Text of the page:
Eagles OTA observations: Wentz does more, standout players

Eagles OTA observations: Wentz does more, standout players

While plenty of folks outside the hedged fences of the NovaCare Complex are still talking about the White House visit that wasn’t, the Eagles are trying to get back to life as usual. 

On Wednesday morning, that meant taking the field for another OTA practice. Their ninth of 10. It was open to reporters. 

Here are 10 observations: 

1. Michael Bennett and Darren Sproles are still not at OTAs. They’re expected to show up next week for the Eagles’ mandatory minicamp. Fletcher Cox and Nigel Bradham were also missing Wednesday; no reason yet from the Eagles. 

The following players were at practice but did not participate, presumably for injury or maintenance reasons: Haloti Ngata, Sidney Jones, Donnel Pumphrey, Josh Adams, Joe Walker, LaRoy Reynolds, Ryan Neal and Marquess Wilson. 

2. Missing practice for Donnel Pumphrey simply can’t be a good thing for the second-year running back. After a terrible spring and summer a year ago, Pumphrey really has to prove himself if he wants to try to stick with the Eagles. Can’t do that from the sideline. 

3. The Eagles did some new position drills. The receivers used cattle shoots, normally reserved for running backs to work on leverage, to keep them low in and out of their breaks. 

And then the quarterbacks did drills in the pocket while they had giant rubber balls rolled toward them. The focus had to be about standing in the pocket and delivering a throw as that pocket collapses. 

4. Carson Wentz did indeed participate in more today than we’ve seen from him before (see story). Today, he did 4-on-4 drills and later 7-on-7s. During those 7-on-7 drills, he completed two consecutive passes to his favorite target, Zach Ertz. 

5. Speaking of tight ends, rookie Dallas Goedert caught two touchdowns from Nick Foles when the team did some red zone work. That might be a sign to come if it’s a glimpse into the Eagles’ plans for the young tight end. The Eagles have Alshon Jeffery and Ertz, who both warrant a lot of attention near the goal line. That could give Goedert a chance to catch some touchdowns in his first NFL season. 

6. Nate Sudfeld threw the pass of the day during 11-on-11 drills. It was a beautiful deep ball down the left sideline that was brought in by a streaking Shelton Gibson. Sudfeld tossed a few dimes today.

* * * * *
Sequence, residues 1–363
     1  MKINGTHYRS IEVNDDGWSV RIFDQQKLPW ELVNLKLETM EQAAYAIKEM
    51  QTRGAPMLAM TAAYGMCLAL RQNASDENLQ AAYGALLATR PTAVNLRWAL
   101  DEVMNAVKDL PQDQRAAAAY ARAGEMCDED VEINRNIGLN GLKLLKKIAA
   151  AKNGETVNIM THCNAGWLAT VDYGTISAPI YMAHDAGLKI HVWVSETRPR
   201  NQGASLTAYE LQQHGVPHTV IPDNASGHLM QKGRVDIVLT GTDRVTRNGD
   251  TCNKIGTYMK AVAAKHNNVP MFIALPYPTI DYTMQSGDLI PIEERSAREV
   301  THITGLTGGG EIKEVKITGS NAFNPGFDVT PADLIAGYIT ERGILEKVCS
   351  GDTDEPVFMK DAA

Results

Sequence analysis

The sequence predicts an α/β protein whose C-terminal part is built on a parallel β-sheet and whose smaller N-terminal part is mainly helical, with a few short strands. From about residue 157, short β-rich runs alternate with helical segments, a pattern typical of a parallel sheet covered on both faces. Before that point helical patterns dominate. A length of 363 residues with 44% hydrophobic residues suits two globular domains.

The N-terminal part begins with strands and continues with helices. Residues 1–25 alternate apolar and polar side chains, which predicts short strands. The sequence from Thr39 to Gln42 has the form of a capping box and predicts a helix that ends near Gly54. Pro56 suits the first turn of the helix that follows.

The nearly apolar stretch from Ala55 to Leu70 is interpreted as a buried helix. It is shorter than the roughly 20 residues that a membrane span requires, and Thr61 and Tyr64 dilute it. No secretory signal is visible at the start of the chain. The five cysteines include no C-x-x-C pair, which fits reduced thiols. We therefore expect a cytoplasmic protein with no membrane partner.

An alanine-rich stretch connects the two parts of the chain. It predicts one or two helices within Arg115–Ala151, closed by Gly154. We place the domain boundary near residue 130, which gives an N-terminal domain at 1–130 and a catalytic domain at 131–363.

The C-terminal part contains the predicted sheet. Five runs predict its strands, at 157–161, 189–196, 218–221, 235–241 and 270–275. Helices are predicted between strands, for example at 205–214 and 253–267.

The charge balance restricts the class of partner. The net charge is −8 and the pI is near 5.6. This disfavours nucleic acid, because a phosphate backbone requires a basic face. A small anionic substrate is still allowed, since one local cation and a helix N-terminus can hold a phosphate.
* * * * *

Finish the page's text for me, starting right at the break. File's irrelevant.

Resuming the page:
7. With Sidney Jones’ not practicing, De’Vante Bausby made the most of his opportunity. The young cornerback has been turning heads all spring and might have had his best day to date. He picked off two passes (he probably would have drawn a DPI on one, to be fair) and swatted another back in Foles’ face. Eventually, it’s probably going to be hard to keep Jones off the field, but keep an eye on Bausby. The hype seems real.  

8. While we’re on the topic of hype, I have my nominee for this year’s Na Brown Training Camp Hero Award. I think undrafted wide receiver Tim Wilson can be that guy. The former Radnor receiver, who went undrafted out of East Stroudsburg, continues to look pretty good. He’s not incredibly athletic or fast, but he works hard, has good hands and seems to compete. He has all the makings of a training camp superstar fans will love. 

9. Rasul Douglas is a skilled trash talker, which is a good thing. The Eagles are coming off a Super Bowl, so they’ll use any kind of edge they can in practice. Sometimes, it’s good to have guys to stir the pot in practice. After Bryce Treggs caught a pass over the middle, Douglas yelled to him from the sideline, telling him he didn’t think he’d survive that hit in a real game. 

10. Rashard Davis made the catch of the day. The 5-foot-9 receiver settled into a zone and needed to rise up to make a catch between two defenders on a ball that sailed a little on Nick Foles. 

Stupid Observation of the Day: The Eagles’ playlist was almost all country music at Wednesday’s practice. That’s unusual. Normally, they’ll toss a country song in the mix, but not exclusively country. 

Without desperate needs, look for Eagles to play long game in this NFL draft

Without desperate needs, look for Eagles to play long game in this NFL draft

If the Eagles draft a lineman early in the 2019 draft and then everything goes perfectly with the guys who are already on the roster, that rookie might not play much or at all in his first NFL season.

The Eagles would be OK with that. 

And that goes for any position where the Eagles don’t have immediate, desperate needs. By design, there are many.  

See, the Birds tried their best to fill the holes in their roster during free agency. Now, they enter the draft Thursday feeling pretty free. They’re not beholden to any particularly dire draft needs, which should help them avoid an unnecessary reach when they’re on the clock at 25. It’s a sound plan to avoid a dangerous temptation. 

“That’s one of the things that’s exciting with where we are right now,” Eagles executive vice president of football operations Howie Roseman said last week. “We could go play right now and we think we’re a pretty good team.”